TILBURG, THE NETHERLANDS – The current economic crisis highlights the need for major changes at central banks. It is time for a return to some form of moderate monetarism – but in a twenty-first-century mold.
The current crisis has clearly made central bankers’ jobs far more complicated. Over the last 30 years or so, many central bankers supposed that all they needed to do was keep their sights fixed on price stability. Every instrument they had at their disposal was to be used for that goal. From now on, however, central bankers will have to aim for financial stability as well.
Implicitly, central banks will also have to try to ensure that a new recession does not occur. But the current institutional set-up of today’s central banks is highly inadequate to meeting these challenges. Central banks will have to get additional tools for their new tasks. And that is where things get very complicated.
The reason is simple: according to Tinbergen’s Rule – named for the Nobel laureate Dutch economist Jan Tinbergen – central banks must have one independent instrument for each task they perform, such as ensuring price stability. If they have more than one task, they will need an equal number of instruments.
The complicating factor here is that these policy instruments must be independent of each other. Consider interest rates. That instrument cannot be used for both price stability and financial stability, as the outlook for price stability could warrant higher interest rates, while ensuring financial stability might require a lower interest rate.
For example, if a central bank, in times of economic distress in the banking sector, floods the banks with additional, cheap liquidity, that will increase the supply of money on financial markets and push market interest rates down. If the inflation rate is set to increase in the near future, that will collide with the task of price stability. Central banks are constantly confronted with trade-offs between price and financial stability.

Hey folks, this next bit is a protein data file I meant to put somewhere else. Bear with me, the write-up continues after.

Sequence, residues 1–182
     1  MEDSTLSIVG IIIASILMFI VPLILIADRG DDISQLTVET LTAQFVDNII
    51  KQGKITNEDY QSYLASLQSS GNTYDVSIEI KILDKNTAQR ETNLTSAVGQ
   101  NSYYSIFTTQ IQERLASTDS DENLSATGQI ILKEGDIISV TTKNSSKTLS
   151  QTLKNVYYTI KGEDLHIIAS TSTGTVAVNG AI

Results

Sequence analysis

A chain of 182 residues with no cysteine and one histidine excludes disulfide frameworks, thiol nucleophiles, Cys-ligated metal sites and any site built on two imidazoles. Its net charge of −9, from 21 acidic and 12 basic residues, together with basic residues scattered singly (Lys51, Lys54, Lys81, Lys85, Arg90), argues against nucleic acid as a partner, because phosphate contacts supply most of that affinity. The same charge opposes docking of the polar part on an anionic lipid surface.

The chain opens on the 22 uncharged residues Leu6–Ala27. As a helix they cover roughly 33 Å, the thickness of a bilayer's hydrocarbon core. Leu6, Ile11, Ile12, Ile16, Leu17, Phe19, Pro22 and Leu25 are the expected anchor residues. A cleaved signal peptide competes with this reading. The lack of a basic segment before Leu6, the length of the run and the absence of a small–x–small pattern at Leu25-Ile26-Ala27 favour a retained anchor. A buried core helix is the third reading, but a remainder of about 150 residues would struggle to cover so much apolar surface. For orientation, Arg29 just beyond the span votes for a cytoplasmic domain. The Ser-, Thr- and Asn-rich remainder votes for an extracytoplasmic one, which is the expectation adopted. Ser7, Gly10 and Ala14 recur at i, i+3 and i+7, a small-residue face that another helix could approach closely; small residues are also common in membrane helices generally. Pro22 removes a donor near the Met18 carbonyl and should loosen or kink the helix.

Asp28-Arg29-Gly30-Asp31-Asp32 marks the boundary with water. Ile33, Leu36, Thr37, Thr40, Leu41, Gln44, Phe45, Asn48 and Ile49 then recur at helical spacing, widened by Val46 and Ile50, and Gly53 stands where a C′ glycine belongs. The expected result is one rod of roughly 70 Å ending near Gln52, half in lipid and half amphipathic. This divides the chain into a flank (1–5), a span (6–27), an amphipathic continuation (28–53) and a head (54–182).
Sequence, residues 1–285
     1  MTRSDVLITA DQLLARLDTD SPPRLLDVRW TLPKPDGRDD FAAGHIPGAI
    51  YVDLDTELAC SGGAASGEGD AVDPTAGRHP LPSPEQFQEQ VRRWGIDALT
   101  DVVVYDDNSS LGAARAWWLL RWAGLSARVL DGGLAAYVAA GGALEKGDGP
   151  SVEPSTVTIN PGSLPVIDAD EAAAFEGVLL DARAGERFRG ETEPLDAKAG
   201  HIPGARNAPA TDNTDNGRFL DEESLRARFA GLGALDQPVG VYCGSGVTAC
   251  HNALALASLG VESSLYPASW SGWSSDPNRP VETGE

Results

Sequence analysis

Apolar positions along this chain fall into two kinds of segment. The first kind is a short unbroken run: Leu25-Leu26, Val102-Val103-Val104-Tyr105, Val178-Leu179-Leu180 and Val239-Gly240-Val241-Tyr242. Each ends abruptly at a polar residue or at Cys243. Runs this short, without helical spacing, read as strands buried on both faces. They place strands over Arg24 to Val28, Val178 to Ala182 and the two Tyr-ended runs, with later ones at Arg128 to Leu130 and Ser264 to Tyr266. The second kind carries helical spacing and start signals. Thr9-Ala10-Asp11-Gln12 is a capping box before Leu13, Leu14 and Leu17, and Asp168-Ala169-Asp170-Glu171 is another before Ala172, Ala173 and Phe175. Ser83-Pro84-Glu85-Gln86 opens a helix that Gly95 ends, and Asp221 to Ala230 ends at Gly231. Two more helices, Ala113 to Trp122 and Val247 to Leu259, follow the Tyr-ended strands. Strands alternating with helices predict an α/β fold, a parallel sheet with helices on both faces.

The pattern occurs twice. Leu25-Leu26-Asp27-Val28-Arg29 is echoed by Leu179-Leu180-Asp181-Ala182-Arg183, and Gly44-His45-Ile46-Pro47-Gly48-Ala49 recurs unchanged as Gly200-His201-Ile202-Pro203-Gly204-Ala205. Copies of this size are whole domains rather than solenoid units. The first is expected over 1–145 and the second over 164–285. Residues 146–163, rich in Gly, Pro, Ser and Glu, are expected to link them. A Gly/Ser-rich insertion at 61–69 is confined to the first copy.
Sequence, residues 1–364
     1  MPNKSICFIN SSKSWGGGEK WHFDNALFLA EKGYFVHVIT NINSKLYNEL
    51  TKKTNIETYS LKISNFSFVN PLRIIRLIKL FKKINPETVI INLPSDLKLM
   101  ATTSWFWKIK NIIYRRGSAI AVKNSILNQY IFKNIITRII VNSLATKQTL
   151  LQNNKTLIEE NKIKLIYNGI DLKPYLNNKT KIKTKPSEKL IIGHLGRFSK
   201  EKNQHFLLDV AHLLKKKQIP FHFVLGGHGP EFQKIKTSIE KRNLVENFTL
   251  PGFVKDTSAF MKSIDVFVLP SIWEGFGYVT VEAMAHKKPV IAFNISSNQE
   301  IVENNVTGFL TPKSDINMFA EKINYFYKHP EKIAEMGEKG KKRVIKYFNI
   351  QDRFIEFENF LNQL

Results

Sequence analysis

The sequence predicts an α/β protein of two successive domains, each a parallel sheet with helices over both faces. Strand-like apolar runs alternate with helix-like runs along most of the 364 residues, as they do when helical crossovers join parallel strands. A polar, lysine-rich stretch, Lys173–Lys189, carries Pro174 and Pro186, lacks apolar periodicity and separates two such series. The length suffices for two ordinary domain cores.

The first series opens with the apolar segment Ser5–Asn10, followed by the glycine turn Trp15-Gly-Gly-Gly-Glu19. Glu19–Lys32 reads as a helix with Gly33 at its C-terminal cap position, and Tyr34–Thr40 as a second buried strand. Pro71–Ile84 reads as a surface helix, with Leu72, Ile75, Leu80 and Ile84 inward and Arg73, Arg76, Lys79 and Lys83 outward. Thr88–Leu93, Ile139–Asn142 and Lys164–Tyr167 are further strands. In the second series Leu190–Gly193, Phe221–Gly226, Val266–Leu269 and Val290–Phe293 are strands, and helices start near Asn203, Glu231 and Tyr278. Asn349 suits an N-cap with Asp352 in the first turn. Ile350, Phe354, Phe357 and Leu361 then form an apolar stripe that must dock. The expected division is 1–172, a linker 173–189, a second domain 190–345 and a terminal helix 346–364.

Finding new instruments that are effective, easy to use, and independent of the interest-rate instrument seems to be an impossible task. And yet there is a solution. Central banks should give the growth of (broad) money supply more prominence in their monetary policy strategies.
The European Central Bank, with its often criticized monetary pillar, may have a head start.
Many economists agree that the current financial and economic crisis is attributable, at least partly, to the fact that important central banks, such as the Bank of England and the United States Federal Reserve, kept their key interest rates too low for too long. That led to a long period of double-digit growth in money supply.
The ECB was more cautious. To be sure, the fall of the risk premium on financial markets, the development of all kinds of exotic derivatives, and these derivatives’ subsequent misuse sowed the seeds for this crisis, but those factors could not have caused the crisis without the plentiful rainfall that allowed those seeds to grow. That precipitation was the abundant growth in money supply in the US, the United Kingdom, and the larger emerging economies.
Of course, targeting the money supply is not without its drawbacks. Financial innovation has weakened the link between money growth and inflation, for example. But the relationship has not disappeared entirely. As the current crisis clearly shows, sooner or later too much money will lead to excesses, if not in consumer price inflation, then in asset price inflation and the disappearance of the risk premium.
Wherever too much money growth occurs, the consequences for price stability, financial stability, and even economic stability will be severe, as the current crisis shows. Preventing such outcomes requires central bankers to be able to juggle more than one ball – and giving (broad) money supply far greater weight in monetary-policy strategies than is now the case would help keep central banks from dropping them all.